Heliogen's 'Sunlight Refinery' Captures Carbon-Free Thermal Energy

Francesca Billington

Francesca Billington is a freelance reporter. Prior to that, she was a general assignment reporter for dot.LA and has also reported for KCRW, the Santa Monica Daily Press and local publications in New Jersey. She graduated from Princeton in 2019 with a degree in anthropology.

Heliogen's Sunlight Refinery

Serial entrepreneur and Heliogen CEO Bill Gross calls it the Sunlight Refinery. In the fall of 2019, the Pasadena startup unveiled a Lancaster facility designed to capture carbon-free thermal energy at over 1,000 degrees Celsius using a cluster of mirrors.

Gross wants the system to power heavy industries like cement and steel processing and replace fossil fuels with entirely renewable energy.


On Tuesday, the company got a boost. It announced a $108 million investment from giants including the mining company ArcelorMittal and Edison International to deploy the system around the world.

"This infusion of new support for Heliogen comes at a time when the paradigm shift toward clean energy is even further accelerated by the new realities the world is facing," Gross said in a statement.

The founder nurtured the startup in his own Idealab incubator, also based in Pasadena, which has so far birthed some 150 companies tackling carbon emissions and global warming.

"We are trashing the Earth," Gross said to a crowd at last year's Upfront Summit. "The world is completely ready [for clean energy]. I am very passionate about making this a reality in my lifetime."

The lofty raise includes two separate funding rounds: a $25 million round followed by an oversubscribed $83 million boost that pulled in the new backers. Add those to Heliogen's previous investors: Bill Gates, Patrick Soon-Shiong, Nant Capital and others.

It comes three months after the company announced it would launch the AI-powered system at Rio Tinto's borates mine in Boron, California. Once set up, the system will power the mine by creating and storing carbon-free energy from solar heat — a move that would drop carbon emissions at the site "significantly," according to the company.

The company will sink the money into deploying the systems first in the U.S. before "other regions with strong solar resources."

"We're being granted the resources to do more projects that address the most carbon-intensive human activities and work toward our goals of lowering the price and emissions of energy for everyone on the planet," Gross said in a statement.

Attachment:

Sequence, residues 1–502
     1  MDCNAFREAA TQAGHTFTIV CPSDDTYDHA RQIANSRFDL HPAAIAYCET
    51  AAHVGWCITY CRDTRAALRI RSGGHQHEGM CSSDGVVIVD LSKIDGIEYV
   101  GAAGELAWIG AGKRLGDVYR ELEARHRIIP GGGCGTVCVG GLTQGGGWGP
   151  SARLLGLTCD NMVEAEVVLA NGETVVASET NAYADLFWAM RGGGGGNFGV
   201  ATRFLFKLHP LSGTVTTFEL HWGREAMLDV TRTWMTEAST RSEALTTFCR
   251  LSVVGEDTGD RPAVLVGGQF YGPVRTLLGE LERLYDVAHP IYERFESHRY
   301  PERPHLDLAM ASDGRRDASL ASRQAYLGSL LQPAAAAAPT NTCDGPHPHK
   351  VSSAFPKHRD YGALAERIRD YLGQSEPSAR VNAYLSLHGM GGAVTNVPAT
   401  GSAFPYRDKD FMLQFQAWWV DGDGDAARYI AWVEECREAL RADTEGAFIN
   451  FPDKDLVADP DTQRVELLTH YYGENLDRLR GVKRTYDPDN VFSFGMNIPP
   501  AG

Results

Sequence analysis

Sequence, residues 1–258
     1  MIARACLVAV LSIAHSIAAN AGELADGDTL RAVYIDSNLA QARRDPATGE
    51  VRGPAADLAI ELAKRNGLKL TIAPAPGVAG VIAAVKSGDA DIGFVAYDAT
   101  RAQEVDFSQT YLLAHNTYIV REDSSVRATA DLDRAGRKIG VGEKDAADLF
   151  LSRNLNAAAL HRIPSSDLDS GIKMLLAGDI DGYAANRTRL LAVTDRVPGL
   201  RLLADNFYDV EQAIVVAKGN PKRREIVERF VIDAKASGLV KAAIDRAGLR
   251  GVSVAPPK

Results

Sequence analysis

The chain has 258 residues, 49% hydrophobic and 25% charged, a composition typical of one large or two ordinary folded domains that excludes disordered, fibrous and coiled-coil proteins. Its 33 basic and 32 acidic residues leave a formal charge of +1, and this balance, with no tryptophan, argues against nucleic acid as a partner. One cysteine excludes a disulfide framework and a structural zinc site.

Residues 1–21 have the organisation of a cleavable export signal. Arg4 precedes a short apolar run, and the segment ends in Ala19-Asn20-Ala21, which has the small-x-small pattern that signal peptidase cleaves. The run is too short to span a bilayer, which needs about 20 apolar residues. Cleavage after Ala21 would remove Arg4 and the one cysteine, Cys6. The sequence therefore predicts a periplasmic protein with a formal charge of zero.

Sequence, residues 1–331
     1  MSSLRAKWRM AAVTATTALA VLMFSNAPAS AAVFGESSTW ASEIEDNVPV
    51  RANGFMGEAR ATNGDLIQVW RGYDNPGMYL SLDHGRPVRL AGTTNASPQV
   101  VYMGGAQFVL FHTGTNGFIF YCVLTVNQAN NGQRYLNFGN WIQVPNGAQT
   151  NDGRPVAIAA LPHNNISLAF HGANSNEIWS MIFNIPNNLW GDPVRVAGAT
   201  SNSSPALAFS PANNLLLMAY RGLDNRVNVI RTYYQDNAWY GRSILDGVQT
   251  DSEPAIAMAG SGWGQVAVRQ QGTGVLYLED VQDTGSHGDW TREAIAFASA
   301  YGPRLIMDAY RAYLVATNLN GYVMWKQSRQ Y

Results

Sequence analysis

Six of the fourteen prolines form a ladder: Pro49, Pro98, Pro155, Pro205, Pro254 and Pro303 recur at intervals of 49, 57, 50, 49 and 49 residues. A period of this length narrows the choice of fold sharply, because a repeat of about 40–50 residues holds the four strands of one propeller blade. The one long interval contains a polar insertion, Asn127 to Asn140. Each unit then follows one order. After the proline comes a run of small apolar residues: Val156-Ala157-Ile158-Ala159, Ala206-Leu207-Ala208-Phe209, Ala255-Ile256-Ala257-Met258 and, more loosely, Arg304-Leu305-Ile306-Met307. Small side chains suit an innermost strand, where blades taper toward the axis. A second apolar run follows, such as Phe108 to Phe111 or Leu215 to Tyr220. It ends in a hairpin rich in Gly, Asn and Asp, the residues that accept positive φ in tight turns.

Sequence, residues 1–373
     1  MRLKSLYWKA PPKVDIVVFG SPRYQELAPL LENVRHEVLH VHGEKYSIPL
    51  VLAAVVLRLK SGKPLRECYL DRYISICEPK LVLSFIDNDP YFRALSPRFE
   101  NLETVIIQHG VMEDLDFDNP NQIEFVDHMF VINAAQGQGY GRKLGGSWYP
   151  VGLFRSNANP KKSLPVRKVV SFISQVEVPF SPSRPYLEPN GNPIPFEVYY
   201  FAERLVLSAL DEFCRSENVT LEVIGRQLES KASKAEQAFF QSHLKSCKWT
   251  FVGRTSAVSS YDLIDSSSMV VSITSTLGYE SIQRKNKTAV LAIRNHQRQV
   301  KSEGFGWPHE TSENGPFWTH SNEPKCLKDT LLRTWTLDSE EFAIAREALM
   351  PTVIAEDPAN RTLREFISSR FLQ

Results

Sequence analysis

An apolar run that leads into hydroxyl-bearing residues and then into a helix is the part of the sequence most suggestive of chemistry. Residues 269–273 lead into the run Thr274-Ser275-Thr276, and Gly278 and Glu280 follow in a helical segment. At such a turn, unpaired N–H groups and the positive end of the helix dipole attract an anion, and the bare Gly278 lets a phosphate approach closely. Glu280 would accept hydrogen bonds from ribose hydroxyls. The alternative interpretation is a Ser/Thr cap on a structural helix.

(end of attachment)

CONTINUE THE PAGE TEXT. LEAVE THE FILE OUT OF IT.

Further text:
The goal, he continued, is a "post-carbon economy."

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ADHD and Dyslexia Often Aren't Caught Until It's Too Late. Santa Monica-Based Polygon Wants to Change That.

Keerthi Vedantam

Keerthi Vedantam is a bioscience reporter at dot.LA. She cut her teeth covering everything from cloud computing to 5G in San Francisco and Seattle. Before she covered tech, Keerthi reported on tribal lands and congressional policy in Washington, D.C. Connect with her on Twitter, Clubhouse (@keerthivedantam) or Signal at 408-470-0776.

ADHD and Dyslexia Often Aren't Caught Until It's Too Late. Santa Monica-Based Polygon Wants to Change That.
Courtesy of Polygon

Here’s how Jack Rolo describes his childhood: He was good at chess, and bad at spelling. He was good at math, and bad at reading. Rolo went on to study physics at Durham University in his native England—and despite often struggling in his courses, it wasn’t until after he graduated that he was diagnosed with dyslexia, a common language processing disorder that affects reading.

Rolo’s experiences informed his founding of Polygon, a Santa Monica-based diagnostics startup that emerged from stealth on Friday with $4.2 million in funding, and the goal of better diagnosing dyslexia, ADHD and other learning-related disabilities. The funding includes a $3.6 million seed round led by Spark Capital, as well as $600,000 in pre-seed funding led by Pear VC.

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Spencer Rascoff

Spencer Rascoff serves as executive chairman of dot.LA. He is an entrepreneur and company leader who co-founded Zillow, Hotwire, dot.LA, Pacaso and Supernova, and who served as Zillow's CEO for a decade. During Spencer's time as CEO, Zillow won dozens of "best places to work" awards as it grew to over 4,500 employees, $3 billion in revenue, and $10 billion in market capitalization. Prior to Zillow, Spencer co-founded and was VP Corporate Development of Hotwire, which was sold to Expedia for $685 million in 2003. Through his startup studio and venture capital firm, 75 & Sunny, Spencer is an active angel investor in over 100 companies and is incubating several more.

Ian Siegel, ZipRecruiter
Image courtesy of ZipRecruiter

On this episode of Office Hours, host Spencer Rascoff talked with ZipRecruiter CEO and founder Ian Siegel about how he built his company, the lessons he's learned along the way and how he's seen the pandemic drastically reshape the job market—probably for good.

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